District attorney Craig Stedman calls for Lancaster County to provide ‘reliable and consistent funding’ to Drug Task Force
LANCASTER — The Lancaster County Drug Task Force is facing a funding crisis in the near future, according to District Attorney Craig Stedman, who is asking the county to address “the long-term lack of reliable and consistent funding.”
Stedman said the Task Force, which targets mid- to upper-level drug dealers and monitors trends in drug trafficking and drugs of choice, needs funds to continue to battle the ongoing opioid epidemic, along with a developing methamphetamine epidemic in the county.
He asked the county’s board of commissioners to provide a more stable funding stream for the Task Force at a recent budget meeting.
The county currently provides a small percentage of operating costs for the Task Force, which has operated since 1988. The Task Force consists of a team of detectives from municipal police departments, who use undercover and surveillance tactics to combat higher-level trafficking across the county, conduct search operations, and file criminal charges.
At the Oct. 31 meeting, Stedman said that although education, prevention, and long-term treatment are critical, “enforcement is part of the answer” to slowing the epidemic and specifically dealing, which is trending locally to include more methamphetamine-dealing.
Cocaine also remains prevalent with dealers, Stedman says.
Stedman points to his office’s treatment of fatal overdoses as potential homicides, along with its harsh policies against predator-level heroin and fentanyl dealing, as a reason for dealers’ recent change in approach. Some dealers now are selling drugs which do not carry the same overdose risks, according to the Task Force.
Lancaster County leads the entire state of Pennsylvania in drug delivery resulting in death convictions, Stedman’s office says. Stedman cites news reports that say York and Dauphin counties have seen increases in overdose deaths this year, while Lancaster County’s fatality rate has dropped.
The Task Force operates largely on assets and funds gained in forfeitures and voluntary contributions from municipalities, according to Stedman. The state Attorney General also provides some funds, but that is voluntary and has decreased significantly over the years.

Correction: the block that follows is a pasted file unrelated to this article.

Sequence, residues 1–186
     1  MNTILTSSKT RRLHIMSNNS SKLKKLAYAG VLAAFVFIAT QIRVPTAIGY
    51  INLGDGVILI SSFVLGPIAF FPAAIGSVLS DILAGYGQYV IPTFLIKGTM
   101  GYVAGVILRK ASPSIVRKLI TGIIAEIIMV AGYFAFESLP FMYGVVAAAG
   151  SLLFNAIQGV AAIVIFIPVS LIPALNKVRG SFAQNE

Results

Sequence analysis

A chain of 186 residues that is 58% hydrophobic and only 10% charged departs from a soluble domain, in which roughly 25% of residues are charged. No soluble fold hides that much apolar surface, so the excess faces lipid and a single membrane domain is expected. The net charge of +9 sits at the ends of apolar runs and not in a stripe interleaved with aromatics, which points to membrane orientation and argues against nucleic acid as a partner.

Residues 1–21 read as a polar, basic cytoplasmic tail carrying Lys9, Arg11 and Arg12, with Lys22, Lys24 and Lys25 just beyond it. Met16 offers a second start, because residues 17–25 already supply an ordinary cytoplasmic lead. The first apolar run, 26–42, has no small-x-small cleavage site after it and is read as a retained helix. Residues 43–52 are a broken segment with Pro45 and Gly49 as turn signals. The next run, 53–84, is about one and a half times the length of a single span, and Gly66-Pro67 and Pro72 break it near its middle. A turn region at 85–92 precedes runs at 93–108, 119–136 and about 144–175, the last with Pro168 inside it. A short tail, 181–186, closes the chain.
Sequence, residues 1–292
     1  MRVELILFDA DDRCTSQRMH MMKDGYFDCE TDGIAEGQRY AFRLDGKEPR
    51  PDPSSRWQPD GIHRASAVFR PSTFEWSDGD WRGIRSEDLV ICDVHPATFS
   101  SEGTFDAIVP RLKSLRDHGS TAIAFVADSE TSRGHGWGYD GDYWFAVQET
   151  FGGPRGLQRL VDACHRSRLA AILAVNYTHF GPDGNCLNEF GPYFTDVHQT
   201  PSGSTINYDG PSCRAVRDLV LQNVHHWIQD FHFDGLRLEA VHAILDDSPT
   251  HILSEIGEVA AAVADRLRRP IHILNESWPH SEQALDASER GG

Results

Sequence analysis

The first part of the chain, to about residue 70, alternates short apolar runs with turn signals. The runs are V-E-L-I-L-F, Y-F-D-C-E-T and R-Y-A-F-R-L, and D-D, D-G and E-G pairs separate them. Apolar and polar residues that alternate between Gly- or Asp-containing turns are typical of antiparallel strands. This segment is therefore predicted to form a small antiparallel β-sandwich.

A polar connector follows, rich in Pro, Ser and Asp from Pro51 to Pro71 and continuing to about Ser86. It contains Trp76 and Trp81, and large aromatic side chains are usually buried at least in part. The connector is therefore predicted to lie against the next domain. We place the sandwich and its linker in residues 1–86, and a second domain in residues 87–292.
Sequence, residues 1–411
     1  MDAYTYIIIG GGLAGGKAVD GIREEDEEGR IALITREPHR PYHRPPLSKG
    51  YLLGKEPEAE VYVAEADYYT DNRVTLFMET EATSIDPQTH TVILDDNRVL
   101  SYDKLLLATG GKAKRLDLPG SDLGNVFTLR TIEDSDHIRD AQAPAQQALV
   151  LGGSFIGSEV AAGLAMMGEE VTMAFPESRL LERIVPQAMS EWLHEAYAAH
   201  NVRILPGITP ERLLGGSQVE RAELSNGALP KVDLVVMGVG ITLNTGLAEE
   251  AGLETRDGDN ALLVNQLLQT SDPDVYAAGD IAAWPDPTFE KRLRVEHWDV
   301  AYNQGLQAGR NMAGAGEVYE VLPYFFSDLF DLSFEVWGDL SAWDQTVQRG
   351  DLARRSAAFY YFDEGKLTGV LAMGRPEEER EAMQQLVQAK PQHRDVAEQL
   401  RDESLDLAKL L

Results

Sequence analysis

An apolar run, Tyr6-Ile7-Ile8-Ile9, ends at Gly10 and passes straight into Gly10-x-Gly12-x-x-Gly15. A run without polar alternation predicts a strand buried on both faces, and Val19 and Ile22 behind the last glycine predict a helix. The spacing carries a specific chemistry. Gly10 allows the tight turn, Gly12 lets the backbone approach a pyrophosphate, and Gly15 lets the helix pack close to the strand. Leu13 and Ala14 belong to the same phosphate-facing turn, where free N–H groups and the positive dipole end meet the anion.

The county is the final source of funding, and pays only about 15 percent of the operating costs of the Task Force, Stedman says.
That “simply isn’t enough for the value the county is getting,” Stedman said at the meeting budget meeting. “We are no doubt saving lives, we’re saving communities.”
The formula needs to change in order to keep the Task Force going, Stedman added.
Forfeiture funds, amassed from seizures of drug-related assets and cash, vary from year to year.
The Task Force, according to Chief Detective John Burkhart, has been getting by in recent years largely due to two big seizures, the biggest in 2011.
“We’re on the verge of a methamphetamine epidemic,” Burkhart told the commissioners. (The Task force has made 30 meth-related arrests and executed 13 meth-related search warrants this year.)
Also, more municipal police departments want to contribute an investigator to the Task Force due to the current epidemic situation.
Yet, Burkhart said, the Task Force could not afford to pay them under the current funding mechanism.
Municipality leaders have been asked, since the Task Force’s inception 30 years ago, to contribute a dollar per person in their municipalities.
Some contribute that dollar, some contribute a fraction; some contribute nothing at all.
Even if all municipalities contributed in full, current DTF funding would still fall short.
Stedman said this funding scheme is a failure: “We can’t ignore it, the Board of Commissioners can’t ignore it.”
Stedman pointed to an analysis done by Lancaster County Budget Services in 2014, and recently updated, that shows the impending funding shortage.
At the meeting, Maggie Weidinger, director of budget services, said the Task Force would not be sustainable by 2020.
Commissioner Craig Lehman said options include making the current, shared-responsibility system work or operate off a completely different funding model.
Stedman stressed “this is the best Task Force we have ever had” while asking the board to “take the lead” in committing to a permanent funding solution.